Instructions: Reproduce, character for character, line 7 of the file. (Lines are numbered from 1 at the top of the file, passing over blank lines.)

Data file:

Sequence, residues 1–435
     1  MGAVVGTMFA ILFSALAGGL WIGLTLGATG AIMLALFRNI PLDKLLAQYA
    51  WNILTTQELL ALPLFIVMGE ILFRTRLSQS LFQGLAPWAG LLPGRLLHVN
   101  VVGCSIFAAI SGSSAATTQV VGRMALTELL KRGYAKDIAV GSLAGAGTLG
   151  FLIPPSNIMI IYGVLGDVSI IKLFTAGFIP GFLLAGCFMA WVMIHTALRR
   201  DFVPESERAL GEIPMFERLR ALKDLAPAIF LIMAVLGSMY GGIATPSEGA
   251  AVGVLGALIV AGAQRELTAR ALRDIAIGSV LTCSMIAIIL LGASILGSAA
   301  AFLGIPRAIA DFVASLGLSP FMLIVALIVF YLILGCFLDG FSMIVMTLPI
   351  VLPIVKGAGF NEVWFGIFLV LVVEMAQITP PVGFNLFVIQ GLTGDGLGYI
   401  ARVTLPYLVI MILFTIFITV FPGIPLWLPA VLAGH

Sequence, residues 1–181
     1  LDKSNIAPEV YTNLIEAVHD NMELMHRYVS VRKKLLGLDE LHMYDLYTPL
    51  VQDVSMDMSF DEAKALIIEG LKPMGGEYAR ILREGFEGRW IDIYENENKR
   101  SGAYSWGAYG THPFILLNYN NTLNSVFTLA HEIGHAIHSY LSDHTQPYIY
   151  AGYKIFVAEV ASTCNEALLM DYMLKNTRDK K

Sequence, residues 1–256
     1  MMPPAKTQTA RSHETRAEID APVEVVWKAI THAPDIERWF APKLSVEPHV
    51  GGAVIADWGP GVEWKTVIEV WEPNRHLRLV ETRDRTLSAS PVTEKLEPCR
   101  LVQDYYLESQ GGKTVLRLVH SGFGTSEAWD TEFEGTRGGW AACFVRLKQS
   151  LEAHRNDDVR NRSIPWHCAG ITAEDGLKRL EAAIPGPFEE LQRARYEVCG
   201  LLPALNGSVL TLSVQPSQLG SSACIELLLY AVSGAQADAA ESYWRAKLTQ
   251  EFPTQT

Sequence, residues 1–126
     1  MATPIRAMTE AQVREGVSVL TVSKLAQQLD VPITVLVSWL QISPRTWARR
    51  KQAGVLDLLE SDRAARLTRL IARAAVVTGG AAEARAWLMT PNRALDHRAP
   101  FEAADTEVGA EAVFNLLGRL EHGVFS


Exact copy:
   251  AVGVLGALIV AGAQRELTAR ALRDIAIGSV LTCSMIAIIL LGASILGSAA